In Our Opinion: Affordable Housing Not Affordable Enough
Dec 17, 2008 | 3506 views | 0 0 comments | 55 55 recommendations | email to a friend | print


When the proposed City Point development on the site of the former Albee Square Mall is built it will be the tallest building in Brooklyn.

The sheer size and scope of the project has drawn considerable attention- most recently from public interest organizations and neighborhood residents who contend the planned mixed-use 65-story residential luxury apartment tower and commercial center does not include enough affordable housing.

At last week’s public hearing on the project, city officials were criticized for selling city land beneath the former mall site to a developer intent on building apartments for the rich.

The luxury development will replace a popular shopping center, which opened in 1980 as the Albee Square Mall and was soon thereafter immortalized in a song by the rapper Biz Markie. Over the course of the following two-plus decades the mall fell into disrepair, was bought and sold, and even renamed several times, but never lost its appeal to the tens of millions of Brooklyn and Queens shoppers who frequent the Fulton Street commercial district every year.

More than the loss of favorite small businesses, however, Fort Greene and Downtown Brooklyn community members are afraid they are losing the character of their neighborhoods- and their ability to afford living in them- to large-scale housing developments like City Point that cater to more affluent New Yorkers.

In theory the city, which instigated this conflict four years ago when Mayor Bloomberg rezoned Downtown Brooklyn, has safeguards in place to avoid these problems.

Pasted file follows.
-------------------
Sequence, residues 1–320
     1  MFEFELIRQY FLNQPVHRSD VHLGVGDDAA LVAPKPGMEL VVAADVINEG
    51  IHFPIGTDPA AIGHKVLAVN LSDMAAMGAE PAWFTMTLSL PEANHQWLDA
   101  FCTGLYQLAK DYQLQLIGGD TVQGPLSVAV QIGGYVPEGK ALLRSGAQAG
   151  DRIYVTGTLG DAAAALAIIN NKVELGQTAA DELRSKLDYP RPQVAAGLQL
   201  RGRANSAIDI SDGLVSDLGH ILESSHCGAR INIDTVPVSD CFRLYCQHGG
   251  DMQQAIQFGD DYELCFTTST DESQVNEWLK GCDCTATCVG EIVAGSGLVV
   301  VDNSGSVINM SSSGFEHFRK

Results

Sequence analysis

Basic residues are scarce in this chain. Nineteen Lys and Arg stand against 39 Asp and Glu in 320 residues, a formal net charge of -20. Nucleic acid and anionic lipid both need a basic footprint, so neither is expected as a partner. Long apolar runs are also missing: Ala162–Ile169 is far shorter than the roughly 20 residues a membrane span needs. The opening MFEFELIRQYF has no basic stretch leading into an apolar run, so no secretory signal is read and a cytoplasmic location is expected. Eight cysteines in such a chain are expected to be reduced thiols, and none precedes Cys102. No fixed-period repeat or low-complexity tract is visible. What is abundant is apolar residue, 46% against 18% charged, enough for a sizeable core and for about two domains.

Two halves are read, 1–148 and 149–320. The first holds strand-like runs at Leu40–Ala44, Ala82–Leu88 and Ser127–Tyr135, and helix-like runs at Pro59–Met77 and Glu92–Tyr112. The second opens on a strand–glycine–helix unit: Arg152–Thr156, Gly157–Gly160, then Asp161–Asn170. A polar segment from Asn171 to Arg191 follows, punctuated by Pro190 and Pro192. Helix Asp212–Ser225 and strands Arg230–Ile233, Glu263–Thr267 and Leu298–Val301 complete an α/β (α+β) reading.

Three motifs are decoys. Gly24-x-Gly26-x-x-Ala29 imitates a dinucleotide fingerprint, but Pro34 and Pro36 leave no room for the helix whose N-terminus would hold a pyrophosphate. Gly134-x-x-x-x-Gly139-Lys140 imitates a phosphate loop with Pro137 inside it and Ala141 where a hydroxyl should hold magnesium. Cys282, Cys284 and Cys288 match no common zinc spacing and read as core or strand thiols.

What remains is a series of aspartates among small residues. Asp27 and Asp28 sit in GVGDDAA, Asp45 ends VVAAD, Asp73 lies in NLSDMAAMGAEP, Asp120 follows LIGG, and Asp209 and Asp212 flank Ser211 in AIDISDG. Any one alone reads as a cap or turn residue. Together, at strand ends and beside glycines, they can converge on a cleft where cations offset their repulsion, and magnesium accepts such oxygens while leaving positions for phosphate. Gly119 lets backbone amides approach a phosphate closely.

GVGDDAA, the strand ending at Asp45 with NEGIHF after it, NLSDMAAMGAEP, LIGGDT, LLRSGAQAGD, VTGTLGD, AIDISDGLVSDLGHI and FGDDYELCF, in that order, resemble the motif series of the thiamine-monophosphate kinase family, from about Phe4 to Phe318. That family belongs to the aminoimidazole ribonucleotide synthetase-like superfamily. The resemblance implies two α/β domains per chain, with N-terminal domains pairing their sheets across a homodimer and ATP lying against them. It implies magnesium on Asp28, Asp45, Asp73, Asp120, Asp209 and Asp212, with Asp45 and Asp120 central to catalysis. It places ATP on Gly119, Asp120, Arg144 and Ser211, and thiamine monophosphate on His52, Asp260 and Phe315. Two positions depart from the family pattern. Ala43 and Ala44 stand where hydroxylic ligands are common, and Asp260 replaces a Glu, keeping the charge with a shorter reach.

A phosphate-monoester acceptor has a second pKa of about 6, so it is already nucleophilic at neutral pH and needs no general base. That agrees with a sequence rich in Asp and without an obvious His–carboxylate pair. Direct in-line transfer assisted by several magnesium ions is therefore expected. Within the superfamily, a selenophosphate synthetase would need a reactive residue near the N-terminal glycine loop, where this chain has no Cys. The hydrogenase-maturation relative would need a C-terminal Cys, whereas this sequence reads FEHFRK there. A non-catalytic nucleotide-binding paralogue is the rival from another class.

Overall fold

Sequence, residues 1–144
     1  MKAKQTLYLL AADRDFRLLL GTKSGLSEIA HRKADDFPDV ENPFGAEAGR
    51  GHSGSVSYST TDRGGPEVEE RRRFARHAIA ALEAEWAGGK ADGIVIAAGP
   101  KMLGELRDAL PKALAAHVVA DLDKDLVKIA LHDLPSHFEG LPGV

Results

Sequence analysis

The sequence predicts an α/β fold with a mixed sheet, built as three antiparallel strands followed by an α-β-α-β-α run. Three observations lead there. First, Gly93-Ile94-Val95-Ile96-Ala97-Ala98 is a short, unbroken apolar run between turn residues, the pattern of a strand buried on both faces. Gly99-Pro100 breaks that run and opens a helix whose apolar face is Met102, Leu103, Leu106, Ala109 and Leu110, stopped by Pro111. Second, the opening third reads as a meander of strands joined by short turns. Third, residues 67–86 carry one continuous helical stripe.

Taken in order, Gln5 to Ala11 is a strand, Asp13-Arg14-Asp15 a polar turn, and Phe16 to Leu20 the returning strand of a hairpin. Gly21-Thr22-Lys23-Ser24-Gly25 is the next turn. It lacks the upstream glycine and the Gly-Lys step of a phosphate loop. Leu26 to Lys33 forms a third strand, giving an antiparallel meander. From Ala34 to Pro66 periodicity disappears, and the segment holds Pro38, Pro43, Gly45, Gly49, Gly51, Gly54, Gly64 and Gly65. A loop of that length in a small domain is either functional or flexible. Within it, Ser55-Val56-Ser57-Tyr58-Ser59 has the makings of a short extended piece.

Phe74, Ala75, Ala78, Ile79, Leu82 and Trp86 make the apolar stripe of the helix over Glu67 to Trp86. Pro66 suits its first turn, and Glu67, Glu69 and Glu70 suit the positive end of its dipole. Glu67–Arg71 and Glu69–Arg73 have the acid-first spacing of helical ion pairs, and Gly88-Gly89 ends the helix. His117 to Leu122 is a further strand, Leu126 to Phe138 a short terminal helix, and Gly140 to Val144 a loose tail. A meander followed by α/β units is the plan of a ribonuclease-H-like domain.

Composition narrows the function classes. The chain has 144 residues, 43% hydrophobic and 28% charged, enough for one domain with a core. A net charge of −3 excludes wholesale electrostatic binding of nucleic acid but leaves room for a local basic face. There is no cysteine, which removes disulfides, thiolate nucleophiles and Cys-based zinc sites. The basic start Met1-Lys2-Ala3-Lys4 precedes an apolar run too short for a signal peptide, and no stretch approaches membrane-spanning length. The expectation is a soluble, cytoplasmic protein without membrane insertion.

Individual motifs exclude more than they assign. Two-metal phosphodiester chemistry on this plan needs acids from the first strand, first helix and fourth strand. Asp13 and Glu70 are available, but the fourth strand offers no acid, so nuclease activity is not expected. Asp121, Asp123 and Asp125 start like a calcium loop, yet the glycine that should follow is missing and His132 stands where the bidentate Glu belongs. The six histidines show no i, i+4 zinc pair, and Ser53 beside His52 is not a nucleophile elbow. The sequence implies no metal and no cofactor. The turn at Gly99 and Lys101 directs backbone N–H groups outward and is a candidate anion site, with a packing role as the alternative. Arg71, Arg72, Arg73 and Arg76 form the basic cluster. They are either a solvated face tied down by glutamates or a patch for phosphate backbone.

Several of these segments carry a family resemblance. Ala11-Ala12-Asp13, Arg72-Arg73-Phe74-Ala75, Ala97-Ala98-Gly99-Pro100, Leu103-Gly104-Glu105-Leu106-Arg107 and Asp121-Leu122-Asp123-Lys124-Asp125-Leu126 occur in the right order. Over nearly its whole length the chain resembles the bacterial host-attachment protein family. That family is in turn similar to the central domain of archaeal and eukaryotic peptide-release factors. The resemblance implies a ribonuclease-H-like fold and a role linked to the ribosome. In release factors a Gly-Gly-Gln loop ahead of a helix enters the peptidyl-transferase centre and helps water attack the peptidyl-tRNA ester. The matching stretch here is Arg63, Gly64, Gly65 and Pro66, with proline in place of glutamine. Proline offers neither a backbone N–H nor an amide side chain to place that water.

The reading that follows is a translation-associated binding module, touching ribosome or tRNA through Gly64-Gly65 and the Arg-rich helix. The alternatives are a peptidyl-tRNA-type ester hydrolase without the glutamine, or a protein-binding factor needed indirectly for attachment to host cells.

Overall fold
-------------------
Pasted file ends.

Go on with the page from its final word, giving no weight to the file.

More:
A principal one is the Taxable 80/20 program. This program, administered by the city’s Housing Development Corporation (HDC), incentives developers to rent at least one-fifth of their apartments at below-market rates to lower-income people by offering builders tax-exempt bonds to help finance their projects.

Albee Residential Development corporation, which will build City Point, has set aside 200 of its 800 planned apartments as affordable housing. In return, it is asking the city for $400 million in tax-exempt bonds.

The enormous request, especially during an economic recession, points to the flaws in the city’s affordable housing policy programs.

The term affordable housing is misleading because it isn’t really affordable. The HDC uses federal housing guidelines based on the greater New York area’s average median income (AMI) to determine affordable housing eligibility requirements.

New York’s annual AMI is $76,800 per household. Families of four are eligible for affordable housing if they make a combined income of no more than half the AMI, or $38,400. In the community district where the City Point site is located, average annual household income is four thousand dollars less. Though this means most residents should be eligible, it is clear many simply don’t make enough money to qualify.

Secondly, the 80/20 split shows whose side the city is really on. Alternative city housing policy using a more creative combination of city, state and federal funding could allow developers to significantly increase the affordable housing percentages in new constructions while still turning a sizeable profit. Instead, at City Point and elsewhere, a mere one-fifth of new apartments are set aside for lower-income people- apartments that are proving to be too expensive anyway.

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